Commissioner Gravanis spoke in support of (1) the strategy to reduce consumption as another way to reduce greenhouse gas emission reduction goals and suggested an educational approach to smart purchasing; and (2) including existing habitats but not as a sub-category of urban forest.   Ms. Ostrander stated that the category is actually urban nature, and that the Department has a new biodiversity consultant that will help to expand the section. She explained that carbon reduction quantification is only from the urban forest because there is no current methodology for small wetlands.  Commissioner Gravanis stated that reaching goals is reliant on 100% renewable electricity that would be linked to the success of the CleanPowerSF program and asked for additional information on program status.
Mr. Jason Fried, LAFCo staff, reported that CleanPowerSF will start off as a 20 to 30 mw program and will not cover the entire city right away. The goal is to acquire a funding stream to make the program larger in the future and fund building new renewables and getting away from a contract with an outside provider.  Phase 2 which is not currently the focus is when the rest of the city will roll into the program. The launch date for the first phase is October 2013, but there are factors that could present a delay.  Ms. Ostrander reported that Climate Action Strategy targets are stretch goals that are reliant on everyone purchasing 100% renewable power over time.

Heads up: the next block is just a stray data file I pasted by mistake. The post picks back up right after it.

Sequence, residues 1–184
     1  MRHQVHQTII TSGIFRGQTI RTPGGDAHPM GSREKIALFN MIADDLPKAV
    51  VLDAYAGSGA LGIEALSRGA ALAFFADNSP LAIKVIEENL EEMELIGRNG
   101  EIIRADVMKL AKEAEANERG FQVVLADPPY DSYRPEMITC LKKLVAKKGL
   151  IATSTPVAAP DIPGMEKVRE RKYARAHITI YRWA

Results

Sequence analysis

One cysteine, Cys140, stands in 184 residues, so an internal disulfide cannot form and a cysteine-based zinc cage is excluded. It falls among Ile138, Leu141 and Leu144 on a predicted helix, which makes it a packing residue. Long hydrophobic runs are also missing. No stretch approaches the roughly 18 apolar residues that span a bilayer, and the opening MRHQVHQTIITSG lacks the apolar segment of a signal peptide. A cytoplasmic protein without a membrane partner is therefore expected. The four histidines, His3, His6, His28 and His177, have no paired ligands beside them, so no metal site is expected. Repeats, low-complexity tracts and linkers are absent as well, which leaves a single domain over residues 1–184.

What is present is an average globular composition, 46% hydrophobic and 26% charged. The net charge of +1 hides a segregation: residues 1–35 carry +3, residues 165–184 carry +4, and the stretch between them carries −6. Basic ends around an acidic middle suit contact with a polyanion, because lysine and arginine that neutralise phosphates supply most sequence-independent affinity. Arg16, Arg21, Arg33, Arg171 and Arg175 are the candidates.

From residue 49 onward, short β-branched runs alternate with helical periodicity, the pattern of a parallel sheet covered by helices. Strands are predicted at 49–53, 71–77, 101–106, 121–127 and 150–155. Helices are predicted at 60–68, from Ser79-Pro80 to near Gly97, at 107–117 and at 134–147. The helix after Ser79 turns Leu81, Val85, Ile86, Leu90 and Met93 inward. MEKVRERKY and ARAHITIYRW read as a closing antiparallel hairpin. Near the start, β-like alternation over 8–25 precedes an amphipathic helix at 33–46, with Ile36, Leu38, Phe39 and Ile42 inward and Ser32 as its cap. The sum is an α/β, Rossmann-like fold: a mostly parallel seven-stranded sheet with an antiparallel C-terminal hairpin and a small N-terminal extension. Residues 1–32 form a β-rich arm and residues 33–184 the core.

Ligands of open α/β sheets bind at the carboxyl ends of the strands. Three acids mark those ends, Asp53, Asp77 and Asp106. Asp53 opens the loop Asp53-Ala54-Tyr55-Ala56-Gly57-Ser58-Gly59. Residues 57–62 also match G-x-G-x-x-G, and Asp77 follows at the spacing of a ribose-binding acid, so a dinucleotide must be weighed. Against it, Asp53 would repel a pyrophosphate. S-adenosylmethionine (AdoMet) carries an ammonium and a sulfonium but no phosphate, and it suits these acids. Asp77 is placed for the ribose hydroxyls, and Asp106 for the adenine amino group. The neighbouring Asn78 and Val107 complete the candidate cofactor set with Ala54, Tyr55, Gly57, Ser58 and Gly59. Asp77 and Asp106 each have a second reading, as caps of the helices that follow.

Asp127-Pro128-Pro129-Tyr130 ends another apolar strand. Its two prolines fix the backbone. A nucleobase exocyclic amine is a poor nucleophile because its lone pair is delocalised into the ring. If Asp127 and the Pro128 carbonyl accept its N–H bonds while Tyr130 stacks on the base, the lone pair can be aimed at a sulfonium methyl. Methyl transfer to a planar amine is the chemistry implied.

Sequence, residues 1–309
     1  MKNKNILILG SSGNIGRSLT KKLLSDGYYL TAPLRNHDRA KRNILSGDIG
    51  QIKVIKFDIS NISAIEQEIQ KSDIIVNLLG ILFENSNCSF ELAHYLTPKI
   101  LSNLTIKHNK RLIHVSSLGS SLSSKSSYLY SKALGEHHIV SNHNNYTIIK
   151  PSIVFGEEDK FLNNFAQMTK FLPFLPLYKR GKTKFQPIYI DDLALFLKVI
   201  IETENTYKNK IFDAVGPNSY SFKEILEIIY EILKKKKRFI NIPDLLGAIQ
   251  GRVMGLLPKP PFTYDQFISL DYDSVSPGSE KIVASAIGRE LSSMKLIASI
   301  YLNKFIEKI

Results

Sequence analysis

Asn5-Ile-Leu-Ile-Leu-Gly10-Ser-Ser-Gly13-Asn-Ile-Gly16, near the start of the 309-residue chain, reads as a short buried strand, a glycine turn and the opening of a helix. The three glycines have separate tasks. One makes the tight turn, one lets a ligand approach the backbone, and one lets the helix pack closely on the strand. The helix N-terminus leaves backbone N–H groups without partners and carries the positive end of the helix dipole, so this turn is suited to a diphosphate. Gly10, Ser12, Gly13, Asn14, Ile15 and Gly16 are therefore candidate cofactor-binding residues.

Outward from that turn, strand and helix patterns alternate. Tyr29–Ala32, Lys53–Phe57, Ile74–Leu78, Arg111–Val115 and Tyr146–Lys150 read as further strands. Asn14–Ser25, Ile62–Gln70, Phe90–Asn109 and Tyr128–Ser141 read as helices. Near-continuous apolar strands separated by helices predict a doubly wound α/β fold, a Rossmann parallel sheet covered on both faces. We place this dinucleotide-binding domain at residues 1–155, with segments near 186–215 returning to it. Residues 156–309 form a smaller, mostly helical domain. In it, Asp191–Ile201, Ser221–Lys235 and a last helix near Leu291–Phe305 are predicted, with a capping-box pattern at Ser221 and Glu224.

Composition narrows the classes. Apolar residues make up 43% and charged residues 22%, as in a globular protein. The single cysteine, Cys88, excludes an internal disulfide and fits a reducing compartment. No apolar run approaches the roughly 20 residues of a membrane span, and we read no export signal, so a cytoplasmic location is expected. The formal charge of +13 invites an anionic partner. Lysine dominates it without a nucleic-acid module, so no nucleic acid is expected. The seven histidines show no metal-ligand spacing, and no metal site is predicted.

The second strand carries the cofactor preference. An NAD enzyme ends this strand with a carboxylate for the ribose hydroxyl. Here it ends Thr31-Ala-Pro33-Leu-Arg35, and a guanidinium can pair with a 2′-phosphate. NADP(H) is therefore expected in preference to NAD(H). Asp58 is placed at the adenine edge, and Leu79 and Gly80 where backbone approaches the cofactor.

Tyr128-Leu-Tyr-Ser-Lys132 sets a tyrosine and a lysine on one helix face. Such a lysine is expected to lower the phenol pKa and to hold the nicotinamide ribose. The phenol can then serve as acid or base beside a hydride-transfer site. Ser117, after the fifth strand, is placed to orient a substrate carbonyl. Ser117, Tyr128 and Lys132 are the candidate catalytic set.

Commissioner Wald discussed the importance of communicating to San Francisco residents the difference they would be making in reaching climate goals by signing up for the CleanPowerSF program.  Commissioner Wald suggested holding a conference or event in which experts in the field will discuss these goals and actions, and validate the work and metrics in order to publicize the efforts that San Francisco is making as valuable and precedent setting.  Ms. Ostrander discussed the Green Economic Forum community engagement process that was held 1 ½ to 2 years ago to work on internal methodologies.  Director Nutter reported on the planning meeting that will be held next week for the new Green Economic Forum.  Mr. Stern stated that experts could review assumptions and provide insight into more opportunities.

Commissioner Wald stated that the Department has more control over the energy efficiency program than other programs listed and inquired if creating legislation would be the way to implement strategies.  Ms. Ostrander reported that the first part of the law, the existing building benchmarking ordinance is in effect, but the second phase on mandatory retrofits has not been adopted.  She reported on the need to also update the Residential Energy Conservation Ordinance standards through legislation.  The numbers are solely from existing programs, and suggested preparing a plan of action on other measures that lies with other departments. Commissioner Wald inquired if there is a standardized set of criteria across cities on how to measure emissions and contributions.  Ms. Ostrander reported on the two standard community wide protocols that she had championed.